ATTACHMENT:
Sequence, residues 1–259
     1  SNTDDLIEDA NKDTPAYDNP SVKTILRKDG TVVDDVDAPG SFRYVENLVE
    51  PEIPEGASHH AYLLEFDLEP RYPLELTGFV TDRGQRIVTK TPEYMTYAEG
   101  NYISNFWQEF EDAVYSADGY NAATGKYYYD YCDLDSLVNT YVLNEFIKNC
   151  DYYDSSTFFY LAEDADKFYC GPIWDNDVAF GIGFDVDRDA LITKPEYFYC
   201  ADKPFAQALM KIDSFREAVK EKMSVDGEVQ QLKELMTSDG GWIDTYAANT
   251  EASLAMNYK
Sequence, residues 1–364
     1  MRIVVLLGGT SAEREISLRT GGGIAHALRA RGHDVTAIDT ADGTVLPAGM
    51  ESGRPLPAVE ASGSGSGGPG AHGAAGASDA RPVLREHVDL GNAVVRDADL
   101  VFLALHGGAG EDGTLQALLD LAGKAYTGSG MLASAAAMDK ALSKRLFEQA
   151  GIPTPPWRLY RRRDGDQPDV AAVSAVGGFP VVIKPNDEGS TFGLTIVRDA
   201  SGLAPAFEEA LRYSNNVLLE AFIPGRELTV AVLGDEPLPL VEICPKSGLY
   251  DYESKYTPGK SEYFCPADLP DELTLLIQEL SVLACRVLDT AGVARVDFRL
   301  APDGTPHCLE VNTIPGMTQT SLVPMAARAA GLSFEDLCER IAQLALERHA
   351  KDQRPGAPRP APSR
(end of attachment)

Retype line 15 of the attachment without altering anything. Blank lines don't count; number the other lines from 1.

   301  APDGTPHCLE VNTIPGMTQT SLVPMAARAA GLSFEDLCER IAQLALERHA